In a poignant telling of her story, a video short titled “Finding Diego,” Peña describes how she learned again to talk to her son after several distracted months spent “talking in front of” him and struggling to make a connection. The toughest period followed his diagnosis at age 2.
Now, Diego attends a mainstream class at a private preschool and gets 35 hours of behavioral and other therapy every week at home. Five or six people come and go during the week, so the house doesn’t know much quiet before dinner.
Peña supposes that the interior world where Diego often dwells includes characters from the “Toy Story” films, Super Grover, swimming pools and a lot of music. Lately, with the help of medication for epileptic seizures, a new diagnosis, Diego sleeps more deeply and has emerged from his sometime “fog,” she said.
He learns sight words and numbers quickly, and has academic potential. Peña’s concerns about his future revolve instead around the consequences of his limited social skills.
“Smart isn’t going to get you everywhere,” Peña said. “You need to navigate the world, and you do that by interacting with people.”
College students on the autism spectrum face daunting challenges, in part because of the premium that college life places on independence. For lack of friendships, the seven students interviewed by Sorter continue to see their mothers as their main source of support. They benefit when the disability office provides note-takers, who free them from having to write down information while trying to absorb it. But they are generally unable to manage their own time, and disability offices have been slow to offer the study reminders and coaching that many of these students received in high school, according to Sorter.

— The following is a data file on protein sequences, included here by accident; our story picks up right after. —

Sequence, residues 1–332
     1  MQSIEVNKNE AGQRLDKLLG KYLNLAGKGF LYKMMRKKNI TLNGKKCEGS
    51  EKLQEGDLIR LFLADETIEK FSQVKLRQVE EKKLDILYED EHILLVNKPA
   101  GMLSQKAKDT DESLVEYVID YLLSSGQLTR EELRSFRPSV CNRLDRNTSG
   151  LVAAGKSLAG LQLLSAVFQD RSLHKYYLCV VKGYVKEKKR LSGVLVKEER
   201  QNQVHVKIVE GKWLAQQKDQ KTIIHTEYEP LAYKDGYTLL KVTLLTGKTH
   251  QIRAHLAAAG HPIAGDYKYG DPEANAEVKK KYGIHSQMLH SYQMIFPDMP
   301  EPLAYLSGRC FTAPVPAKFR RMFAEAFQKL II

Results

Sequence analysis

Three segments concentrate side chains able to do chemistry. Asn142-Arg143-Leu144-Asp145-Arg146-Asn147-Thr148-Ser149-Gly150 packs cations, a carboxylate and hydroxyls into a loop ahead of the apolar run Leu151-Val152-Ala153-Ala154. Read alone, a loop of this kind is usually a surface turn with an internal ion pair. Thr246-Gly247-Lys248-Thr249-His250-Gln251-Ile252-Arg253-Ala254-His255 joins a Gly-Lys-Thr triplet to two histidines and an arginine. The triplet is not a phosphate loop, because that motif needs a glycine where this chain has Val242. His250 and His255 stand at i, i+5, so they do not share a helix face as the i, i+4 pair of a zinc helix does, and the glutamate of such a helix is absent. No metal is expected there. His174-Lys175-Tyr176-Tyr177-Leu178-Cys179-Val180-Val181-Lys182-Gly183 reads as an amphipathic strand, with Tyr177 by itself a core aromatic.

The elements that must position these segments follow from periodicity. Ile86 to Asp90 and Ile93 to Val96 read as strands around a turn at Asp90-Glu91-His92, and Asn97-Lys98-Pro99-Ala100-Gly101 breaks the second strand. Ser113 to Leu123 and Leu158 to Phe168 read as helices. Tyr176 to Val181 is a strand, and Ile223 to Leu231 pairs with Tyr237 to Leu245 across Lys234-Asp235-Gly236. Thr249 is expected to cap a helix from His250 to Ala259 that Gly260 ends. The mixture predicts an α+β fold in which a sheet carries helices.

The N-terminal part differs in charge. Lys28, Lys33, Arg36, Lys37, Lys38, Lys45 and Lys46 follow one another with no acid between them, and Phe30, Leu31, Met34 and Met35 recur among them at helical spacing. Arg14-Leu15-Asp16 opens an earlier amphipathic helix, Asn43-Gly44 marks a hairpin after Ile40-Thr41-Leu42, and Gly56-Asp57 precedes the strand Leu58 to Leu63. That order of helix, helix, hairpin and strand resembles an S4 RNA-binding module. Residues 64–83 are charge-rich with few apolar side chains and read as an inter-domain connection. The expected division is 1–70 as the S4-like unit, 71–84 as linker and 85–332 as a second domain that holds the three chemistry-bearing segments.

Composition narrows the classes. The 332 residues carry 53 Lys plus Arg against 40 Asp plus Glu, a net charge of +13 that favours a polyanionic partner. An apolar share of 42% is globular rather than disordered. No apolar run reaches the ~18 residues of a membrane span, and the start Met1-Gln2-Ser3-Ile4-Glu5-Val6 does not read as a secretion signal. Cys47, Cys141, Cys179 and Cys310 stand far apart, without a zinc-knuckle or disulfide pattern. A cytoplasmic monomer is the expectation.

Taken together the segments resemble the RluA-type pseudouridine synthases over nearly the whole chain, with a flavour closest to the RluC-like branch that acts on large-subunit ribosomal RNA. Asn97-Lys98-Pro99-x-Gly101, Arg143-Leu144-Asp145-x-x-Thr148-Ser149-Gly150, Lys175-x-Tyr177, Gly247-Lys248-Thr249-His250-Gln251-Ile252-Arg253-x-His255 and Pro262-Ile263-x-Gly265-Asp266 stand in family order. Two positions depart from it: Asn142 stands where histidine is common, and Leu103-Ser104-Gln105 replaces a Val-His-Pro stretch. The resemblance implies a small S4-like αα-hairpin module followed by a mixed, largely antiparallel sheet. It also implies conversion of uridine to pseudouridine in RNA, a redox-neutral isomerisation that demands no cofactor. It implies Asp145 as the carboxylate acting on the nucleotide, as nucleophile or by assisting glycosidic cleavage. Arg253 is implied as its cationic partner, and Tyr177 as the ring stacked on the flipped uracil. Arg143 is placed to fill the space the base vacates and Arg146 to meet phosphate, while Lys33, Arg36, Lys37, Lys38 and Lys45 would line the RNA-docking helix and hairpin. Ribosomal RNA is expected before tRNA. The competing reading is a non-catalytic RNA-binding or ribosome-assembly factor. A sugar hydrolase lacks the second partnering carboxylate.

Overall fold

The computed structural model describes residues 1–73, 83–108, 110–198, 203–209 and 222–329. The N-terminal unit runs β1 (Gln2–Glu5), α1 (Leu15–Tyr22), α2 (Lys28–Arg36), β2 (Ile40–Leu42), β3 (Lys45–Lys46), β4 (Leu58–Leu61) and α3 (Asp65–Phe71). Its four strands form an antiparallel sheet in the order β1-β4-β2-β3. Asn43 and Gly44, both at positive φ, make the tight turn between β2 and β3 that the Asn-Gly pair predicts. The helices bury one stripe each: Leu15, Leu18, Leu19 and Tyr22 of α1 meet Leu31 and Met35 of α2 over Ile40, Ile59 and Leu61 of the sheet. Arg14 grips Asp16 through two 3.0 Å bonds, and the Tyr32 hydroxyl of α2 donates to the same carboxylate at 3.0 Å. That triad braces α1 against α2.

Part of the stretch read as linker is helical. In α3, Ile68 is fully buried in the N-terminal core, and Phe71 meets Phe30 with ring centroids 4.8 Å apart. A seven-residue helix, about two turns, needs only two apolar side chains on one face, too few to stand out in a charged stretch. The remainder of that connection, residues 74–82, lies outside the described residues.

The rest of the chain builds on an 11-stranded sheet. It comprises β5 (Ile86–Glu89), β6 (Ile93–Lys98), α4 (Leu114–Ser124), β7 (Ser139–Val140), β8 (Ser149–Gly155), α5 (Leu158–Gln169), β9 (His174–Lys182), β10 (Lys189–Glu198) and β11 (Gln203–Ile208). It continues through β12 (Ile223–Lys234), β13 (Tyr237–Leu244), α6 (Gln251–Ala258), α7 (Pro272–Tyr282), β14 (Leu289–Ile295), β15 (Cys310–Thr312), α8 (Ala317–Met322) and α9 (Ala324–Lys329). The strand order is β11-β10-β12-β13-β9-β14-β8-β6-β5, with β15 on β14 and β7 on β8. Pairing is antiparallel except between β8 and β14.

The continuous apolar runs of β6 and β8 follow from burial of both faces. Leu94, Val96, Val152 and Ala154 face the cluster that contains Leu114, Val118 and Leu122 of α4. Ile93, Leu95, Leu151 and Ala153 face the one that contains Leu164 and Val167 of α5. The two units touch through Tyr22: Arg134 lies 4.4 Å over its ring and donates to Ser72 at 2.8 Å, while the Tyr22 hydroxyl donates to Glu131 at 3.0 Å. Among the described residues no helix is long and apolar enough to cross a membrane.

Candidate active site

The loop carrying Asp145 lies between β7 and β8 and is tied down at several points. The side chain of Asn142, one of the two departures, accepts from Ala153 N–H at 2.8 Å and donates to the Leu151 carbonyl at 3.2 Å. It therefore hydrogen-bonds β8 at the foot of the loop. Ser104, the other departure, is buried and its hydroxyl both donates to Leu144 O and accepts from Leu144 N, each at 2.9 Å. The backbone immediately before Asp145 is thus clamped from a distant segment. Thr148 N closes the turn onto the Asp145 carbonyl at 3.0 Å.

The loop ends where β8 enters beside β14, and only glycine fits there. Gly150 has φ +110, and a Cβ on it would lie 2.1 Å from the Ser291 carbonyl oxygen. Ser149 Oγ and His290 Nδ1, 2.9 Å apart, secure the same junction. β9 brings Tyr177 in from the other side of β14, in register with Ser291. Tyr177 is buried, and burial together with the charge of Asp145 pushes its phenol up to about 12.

Life after college is a topic that these students don’t often broach.
“It’s more about just getting through the week. For some of them, it’s about getting through the day. As far as having long-term goals and objectives, they don’t have any,” Sorter said of the interviewees.
Among the day-to-day struggles are relationships with instructors. A student who zones out during a lecture or, conversely, talks out of turn and at length may appear rude or abrasive. If that student has autism or Asperger’s, he or she may be oblivious of any problem and feel mortified when called to account.
For Peña, the remedy involves not only careful instruction for students but also more mandatory professional development for faculty members. Making this sort of training voluntary sends the wrong message, she said.
Roughly one percent of children are now diagnosed with autism spectrum disorder, and 10 percent of today’s college students have a learning disability of some sort. Although discussion of the issues is healthier than it was a generation ago – when children with autism, for example, were often thought of as either robotic or aggressive – Peña observed that in the last two decades the leading professional journals in higher education have devoted about one of every 100 articles to disability.
“I would like to do research on students with autism, and not only that, but also publish it in top-tier, mainstream journals, so that we’re not just relegating these issues to the disability journals.”
Naturally, Peña’s main focus is on her son. Between his communication devices – he has his own talking iPod Touch, along with the iPad – and the daily therapy, she believes his prospects of overcoming the obstacles arrayed ahead of him are good.
“I adjust my expectations of Diego with caution, because I need to be realistic about his capacities, but I don’t want to limit him. Everyone else will do that for him,” Peña said. “One day he will set foot on a college campus, and I want that campus to be ready.”